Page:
Tuesday, March 5, 2019

Was George Washington an Anti-Semite?

George Washington
By Robert Wenzel

I ask the above silly question because of what is going on at the present time in the United States House of Representatives.

But before I go to the heart of my commentary, I must first make clear I am no socialist but I am about to defend a socialist.

The socialist congresswoman Ilhan Omar at a bookstore last week said:
I want to talk about the political influence in this country that says it is OK for people to push for allegiance to a foreign country.
Then,  over the weekend, she tweeted:
I should not be expected to have allegiance/pledge support to a foreign country in order to serve my country in Congress or serve on committee. I am told everyday that I am anti-American if I am not pro-Israel. I find that to be problematic and I am not alone. I just happen to be willing to speak up on it and open myself to attacks.
This sounds like a perfectly reasonable stance. In fact, it appears that Omar is doing nothing but echoing the advice given by George Washington in his farewell address (my bold).
 The great rule of conduct for us in regard to foreign nations is in extending our commercial relations, to have with them as little political connection as possible...even our commercial policy should hold an equal and impartial hand; neither seeking nor granting exclusive favors or preferences... 
[I]f I may even flatter myself that [my commnets here] may be productive of some partial benefit, some occasional good; that they may now and then recur to moderate the fury of party spirit, to warn against the mischiefs of foreign intrigue, to guard against the impostures of pretended patriotism; this hope will be a full recompense for the solicitude for your welfare, by which they have been dictated.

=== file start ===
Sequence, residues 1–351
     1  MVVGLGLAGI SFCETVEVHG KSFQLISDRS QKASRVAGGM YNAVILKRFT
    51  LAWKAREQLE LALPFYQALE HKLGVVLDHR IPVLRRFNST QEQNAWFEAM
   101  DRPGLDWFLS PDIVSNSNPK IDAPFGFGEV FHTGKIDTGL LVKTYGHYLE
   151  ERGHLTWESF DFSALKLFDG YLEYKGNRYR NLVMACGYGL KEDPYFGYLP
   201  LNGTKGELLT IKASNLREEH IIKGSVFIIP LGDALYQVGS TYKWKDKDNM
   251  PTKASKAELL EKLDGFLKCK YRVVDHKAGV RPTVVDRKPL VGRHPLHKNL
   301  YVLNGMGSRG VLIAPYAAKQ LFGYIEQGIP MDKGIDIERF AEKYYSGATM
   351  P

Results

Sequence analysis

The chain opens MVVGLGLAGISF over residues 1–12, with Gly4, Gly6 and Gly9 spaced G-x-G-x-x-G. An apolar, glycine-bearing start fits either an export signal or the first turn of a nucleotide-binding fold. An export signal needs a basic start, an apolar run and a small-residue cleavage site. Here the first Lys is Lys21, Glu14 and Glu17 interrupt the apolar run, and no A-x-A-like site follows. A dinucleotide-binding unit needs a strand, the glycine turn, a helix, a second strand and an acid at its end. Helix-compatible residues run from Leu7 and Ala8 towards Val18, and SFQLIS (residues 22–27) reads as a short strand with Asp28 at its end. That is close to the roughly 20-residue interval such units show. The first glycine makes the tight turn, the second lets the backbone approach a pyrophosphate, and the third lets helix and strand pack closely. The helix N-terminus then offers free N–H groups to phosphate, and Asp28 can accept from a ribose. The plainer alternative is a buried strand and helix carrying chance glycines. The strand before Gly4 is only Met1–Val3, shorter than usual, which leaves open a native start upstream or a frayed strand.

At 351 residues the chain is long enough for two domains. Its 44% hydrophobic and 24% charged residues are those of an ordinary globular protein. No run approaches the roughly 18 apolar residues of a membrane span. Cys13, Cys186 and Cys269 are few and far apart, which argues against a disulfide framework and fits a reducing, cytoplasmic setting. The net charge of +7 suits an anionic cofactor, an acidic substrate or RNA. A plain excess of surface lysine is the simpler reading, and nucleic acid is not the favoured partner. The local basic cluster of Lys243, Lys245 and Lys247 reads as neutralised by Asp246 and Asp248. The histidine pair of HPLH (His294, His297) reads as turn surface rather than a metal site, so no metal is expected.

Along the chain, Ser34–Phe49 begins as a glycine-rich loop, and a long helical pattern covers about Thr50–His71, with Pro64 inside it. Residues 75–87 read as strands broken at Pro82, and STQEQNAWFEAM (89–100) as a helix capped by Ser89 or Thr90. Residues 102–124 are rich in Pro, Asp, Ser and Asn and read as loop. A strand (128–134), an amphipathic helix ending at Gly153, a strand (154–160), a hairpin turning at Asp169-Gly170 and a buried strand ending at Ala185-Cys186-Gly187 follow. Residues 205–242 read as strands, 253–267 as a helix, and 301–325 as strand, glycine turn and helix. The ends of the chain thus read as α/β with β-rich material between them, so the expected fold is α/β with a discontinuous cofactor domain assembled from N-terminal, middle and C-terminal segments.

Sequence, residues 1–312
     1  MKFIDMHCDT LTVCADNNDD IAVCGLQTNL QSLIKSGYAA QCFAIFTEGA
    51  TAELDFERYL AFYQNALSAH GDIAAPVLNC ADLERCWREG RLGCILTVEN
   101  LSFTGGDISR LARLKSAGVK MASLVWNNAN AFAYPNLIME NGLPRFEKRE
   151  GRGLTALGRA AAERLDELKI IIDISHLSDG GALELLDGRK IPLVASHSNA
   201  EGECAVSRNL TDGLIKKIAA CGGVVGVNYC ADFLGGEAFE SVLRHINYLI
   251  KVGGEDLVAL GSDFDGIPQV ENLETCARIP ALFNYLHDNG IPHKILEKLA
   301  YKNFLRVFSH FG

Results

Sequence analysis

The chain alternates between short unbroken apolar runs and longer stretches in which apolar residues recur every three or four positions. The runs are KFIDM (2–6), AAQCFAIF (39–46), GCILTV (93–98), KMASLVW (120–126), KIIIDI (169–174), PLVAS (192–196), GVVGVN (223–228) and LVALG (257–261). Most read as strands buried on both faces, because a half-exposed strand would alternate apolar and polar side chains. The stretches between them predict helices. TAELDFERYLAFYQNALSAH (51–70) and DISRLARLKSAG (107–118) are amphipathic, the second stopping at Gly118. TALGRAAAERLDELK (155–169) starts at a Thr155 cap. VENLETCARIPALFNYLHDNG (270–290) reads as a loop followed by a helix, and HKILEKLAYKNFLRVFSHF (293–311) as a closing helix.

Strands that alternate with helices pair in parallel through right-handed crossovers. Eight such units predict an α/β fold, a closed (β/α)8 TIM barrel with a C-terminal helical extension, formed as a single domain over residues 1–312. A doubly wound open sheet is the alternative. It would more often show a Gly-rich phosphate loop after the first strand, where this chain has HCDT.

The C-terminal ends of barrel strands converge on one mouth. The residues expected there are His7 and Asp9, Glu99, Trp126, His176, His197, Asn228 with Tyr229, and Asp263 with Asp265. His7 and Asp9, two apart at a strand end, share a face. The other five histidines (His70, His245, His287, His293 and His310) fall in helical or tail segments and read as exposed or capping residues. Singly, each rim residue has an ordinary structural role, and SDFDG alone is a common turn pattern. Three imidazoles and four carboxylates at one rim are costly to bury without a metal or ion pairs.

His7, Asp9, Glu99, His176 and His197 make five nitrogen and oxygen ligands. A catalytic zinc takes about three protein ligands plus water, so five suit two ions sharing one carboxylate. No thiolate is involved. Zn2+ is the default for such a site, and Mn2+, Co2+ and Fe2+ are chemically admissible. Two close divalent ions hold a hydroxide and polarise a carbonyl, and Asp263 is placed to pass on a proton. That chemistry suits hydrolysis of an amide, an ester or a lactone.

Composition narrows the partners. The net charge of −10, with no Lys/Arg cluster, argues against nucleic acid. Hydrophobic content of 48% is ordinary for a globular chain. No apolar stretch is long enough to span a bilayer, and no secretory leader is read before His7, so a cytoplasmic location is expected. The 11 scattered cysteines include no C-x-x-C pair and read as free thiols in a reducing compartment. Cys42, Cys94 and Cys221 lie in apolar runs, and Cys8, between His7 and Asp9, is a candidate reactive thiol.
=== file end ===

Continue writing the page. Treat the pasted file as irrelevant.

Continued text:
And yet the House is in an uproar over Omar's echoing the spirit of this Founding Father.

The Hill reports:
The House will vote Wednesday on a resolution condemning anti-Semitism in response to freshman Rep. Ilhan Omar's (D-Minn.) latest controversial comments about the U.S.-Israel relationship, a senior Democratic aide said Monday.
Omar has come under fire for saying at a Washington bookstore forum last week that pro-Israel advocates are pushing "allegiance to a foreign country."
Staffs from the offices of Speaker Nancy Pelosi (D-Calif.), Majority Leader Steny Hoyer (D-Md.), Foreign Affairs Committee Chairman Eliot Engel (D-N.Y.) and Rep. Ted Deutch (D-Fla.) worked on the resolution over the weekend.
It is a remarkable jump to claim anti-Semitism when Omar is simply stating concerns about support for a foreign country.

And she is correct in warning about outsized support for some foreign countries (and we are talking especially about Israel here), which is present within much of American political leadership.

Indeed, back in October of last year, I reported on comments made at Politicon by former New Jersey Governor, and confidant of President Trump, Chris Christie (my bold):
Chris Christie was a large presence at Day 1 of Politicon, appearing on multiple panels.